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Clearing up a myth about politics and business

Posted on October 31, 2010 by Leave a comment

It’s been popularized by the media, pundits and pols (including the U.S. Chamber of Commerce) that business in America does better when Republicans are in office.  It sounds good but rather than accept the platitudes, let’s let the data tell the story.

Since 1930, the average annual growth rate in GDP when Republicans held the White House (39 Years) is 1.82%. When Democrats have held the White House (41 Years), the average growth rate is 4.92%. During the Bush years, the average was 2.1%, Clinton 3.9%, Bush + Reagan 3%, Carter 3.3%, Nixon 2.8%, Kennedy + Johnson 4.9% and so on. While this does not reflect the party controlling Congress or the balance of the two, the data shows that Democratic party control of the White House has been better for GDP growth and consequently for business too. We often look at emotions or subjective arguments when facts tell a completely different story.

But why is just the opposite what so many believe?  There are several reasons, one being the Democrats own fault because they constantly accuse the Republican party of being the party that protects business in the U.S.  Republicans, for their part, like to say that Democrats have done nothing for jobs and that if we only reduce the tax burden placed on businesses, more jobs will be created.  The data, however, tells a different story and it’s hard to dispute facts.  There is another factor which should tell us that Democrats are better for business:  they tend to be protectionists, leaning against global, free trade.  This should translate to more jobs being kept in the U.S.  Republicans, however, can be expected to protect offshoring and outsourcing.  While I’m an ardent free trader, I still find it hard to understand why the myth exists about political parties and business.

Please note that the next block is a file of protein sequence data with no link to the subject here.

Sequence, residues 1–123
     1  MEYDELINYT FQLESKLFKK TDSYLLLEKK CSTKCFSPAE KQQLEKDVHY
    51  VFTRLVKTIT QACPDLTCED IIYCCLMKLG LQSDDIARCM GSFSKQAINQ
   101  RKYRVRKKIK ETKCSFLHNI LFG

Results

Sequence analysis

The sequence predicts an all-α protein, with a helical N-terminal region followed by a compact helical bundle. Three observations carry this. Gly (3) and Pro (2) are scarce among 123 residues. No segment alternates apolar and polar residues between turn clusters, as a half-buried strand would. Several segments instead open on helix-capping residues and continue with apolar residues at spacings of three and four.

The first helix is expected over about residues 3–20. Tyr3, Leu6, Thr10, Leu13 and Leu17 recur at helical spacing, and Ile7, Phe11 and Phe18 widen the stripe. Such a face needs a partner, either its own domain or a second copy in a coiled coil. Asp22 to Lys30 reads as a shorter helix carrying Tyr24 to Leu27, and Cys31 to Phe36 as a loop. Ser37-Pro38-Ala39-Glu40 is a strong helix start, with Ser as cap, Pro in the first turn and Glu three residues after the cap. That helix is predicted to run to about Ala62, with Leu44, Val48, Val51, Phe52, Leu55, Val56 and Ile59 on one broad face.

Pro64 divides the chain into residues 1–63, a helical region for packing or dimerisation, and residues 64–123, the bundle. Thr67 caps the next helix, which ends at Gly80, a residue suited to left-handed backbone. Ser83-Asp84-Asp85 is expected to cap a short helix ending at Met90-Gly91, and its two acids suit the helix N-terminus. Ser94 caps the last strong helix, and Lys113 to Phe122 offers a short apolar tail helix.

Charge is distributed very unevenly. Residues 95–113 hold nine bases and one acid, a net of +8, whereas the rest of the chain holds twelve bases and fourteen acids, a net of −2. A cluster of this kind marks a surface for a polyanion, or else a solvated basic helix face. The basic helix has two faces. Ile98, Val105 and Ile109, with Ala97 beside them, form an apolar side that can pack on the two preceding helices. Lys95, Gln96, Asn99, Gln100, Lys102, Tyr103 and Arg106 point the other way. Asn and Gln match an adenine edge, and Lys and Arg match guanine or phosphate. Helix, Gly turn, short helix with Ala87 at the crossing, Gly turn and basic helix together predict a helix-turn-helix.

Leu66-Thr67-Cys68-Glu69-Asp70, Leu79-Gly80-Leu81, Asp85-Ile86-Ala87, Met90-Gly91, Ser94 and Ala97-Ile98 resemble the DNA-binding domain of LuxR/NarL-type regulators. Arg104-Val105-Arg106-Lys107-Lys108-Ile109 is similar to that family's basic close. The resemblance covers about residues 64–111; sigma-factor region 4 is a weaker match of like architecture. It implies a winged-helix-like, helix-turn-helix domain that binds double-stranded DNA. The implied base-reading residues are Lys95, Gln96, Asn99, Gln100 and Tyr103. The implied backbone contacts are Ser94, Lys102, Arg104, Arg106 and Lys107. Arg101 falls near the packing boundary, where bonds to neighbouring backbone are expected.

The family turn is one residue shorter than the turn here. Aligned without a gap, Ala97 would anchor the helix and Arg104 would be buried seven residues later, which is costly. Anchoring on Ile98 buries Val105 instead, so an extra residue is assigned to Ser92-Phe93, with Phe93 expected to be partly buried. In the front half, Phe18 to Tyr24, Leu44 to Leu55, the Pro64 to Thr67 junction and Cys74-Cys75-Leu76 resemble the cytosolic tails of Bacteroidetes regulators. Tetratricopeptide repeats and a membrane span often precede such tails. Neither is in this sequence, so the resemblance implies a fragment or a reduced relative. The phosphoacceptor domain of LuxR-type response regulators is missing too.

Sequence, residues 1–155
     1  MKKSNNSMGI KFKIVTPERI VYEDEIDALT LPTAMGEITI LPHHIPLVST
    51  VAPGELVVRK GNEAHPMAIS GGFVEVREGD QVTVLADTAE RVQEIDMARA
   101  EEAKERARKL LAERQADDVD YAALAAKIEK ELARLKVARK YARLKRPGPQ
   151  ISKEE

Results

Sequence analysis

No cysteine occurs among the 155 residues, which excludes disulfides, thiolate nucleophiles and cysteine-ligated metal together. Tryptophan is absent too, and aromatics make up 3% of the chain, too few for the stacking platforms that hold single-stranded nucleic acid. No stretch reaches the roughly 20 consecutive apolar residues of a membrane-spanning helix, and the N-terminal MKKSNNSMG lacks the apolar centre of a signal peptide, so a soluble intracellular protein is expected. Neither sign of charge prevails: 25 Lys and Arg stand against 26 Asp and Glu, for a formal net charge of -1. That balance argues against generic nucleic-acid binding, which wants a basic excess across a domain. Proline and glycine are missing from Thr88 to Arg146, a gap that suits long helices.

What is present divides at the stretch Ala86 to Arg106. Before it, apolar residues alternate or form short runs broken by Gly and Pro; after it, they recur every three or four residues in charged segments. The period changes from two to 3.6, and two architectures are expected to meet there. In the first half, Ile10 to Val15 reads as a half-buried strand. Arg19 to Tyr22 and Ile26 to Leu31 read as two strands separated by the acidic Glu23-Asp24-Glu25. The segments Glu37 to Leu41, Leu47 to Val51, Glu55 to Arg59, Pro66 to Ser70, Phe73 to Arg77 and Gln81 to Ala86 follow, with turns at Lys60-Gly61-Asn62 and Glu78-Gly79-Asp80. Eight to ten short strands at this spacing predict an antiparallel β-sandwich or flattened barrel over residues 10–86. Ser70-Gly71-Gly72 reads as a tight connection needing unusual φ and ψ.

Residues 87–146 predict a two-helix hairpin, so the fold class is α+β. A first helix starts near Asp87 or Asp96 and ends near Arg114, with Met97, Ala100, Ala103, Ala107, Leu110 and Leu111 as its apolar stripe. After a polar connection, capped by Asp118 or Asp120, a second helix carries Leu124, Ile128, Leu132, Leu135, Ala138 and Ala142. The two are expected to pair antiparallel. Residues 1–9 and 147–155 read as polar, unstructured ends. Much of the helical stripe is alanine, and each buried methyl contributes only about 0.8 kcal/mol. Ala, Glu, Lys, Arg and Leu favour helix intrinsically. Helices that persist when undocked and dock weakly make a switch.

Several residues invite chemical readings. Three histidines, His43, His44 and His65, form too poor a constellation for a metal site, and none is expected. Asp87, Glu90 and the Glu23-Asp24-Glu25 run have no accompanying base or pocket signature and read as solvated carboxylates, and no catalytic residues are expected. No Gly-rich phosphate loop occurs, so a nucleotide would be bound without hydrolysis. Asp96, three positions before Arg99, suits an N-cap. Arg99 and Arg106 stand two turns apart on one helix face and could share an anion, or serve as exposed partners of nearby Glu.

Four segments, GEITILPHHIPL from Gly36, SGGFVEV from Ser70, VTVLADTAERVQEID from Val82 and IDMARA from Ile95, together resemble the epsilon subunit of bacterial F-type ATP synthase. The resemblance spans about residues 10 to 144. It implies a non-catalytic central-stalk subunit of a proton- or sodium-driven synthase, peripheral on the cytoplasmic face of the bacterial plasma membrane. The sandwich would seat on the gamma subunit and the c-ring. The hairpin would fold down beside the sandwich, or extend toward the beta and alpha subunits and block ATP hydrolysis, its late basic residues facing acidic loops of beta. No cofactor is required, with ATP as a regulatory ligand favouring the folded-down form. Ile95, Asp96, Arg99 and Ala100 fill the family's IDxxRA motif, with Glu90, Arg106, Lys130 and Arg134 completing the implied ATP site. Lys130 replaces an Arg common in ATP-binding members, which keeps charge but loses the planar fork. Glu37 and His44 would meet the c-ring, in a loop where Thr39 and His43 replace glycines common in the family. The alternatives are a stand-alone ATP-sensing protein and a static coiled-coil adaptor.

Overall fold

There also is a third reason.  Republicans are much better at getting their message out there.  Democrats always seem to be the gang that can’t shoot straight.  The U.S. electorate likes simple messages and stories and Republicans are just better at telling them.

Finally, you might ask why the U.S. Chamber of Commerce hasn’t pointed out the dramatic difference in business growth under different party rule.  The Chamber should be a champion for all businesses in the U.S., not just those that benefit most from tax cuts or free trade.  While difficult for us in many ways, free trade makes a lot of sense and ultimately forces U.S. businesses to do better in order to compete.  But when we’re talking about whether the economy, hence all U.S. businesses, do better under party rule, let’s make sure we know what has actually happened in the past.


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How a disaster can help a country’s image

Posted on September 14, 2010 by Leave a comment

The August 5th mine collapse near Copiapo, Chile seemed like more bad luck for a country already hit by one of the largest earthquakes in history this past February.  Media coverage of the mining disaster has been constant and the way in which the Chilean government and miners have handled the situation has mesmerized millions of people around the world.  In a desperate situation such as this, it’s hard to imagine there could be a silver lining to the story, even providing an advantage in how Chile, as a country and society, is presented to the world.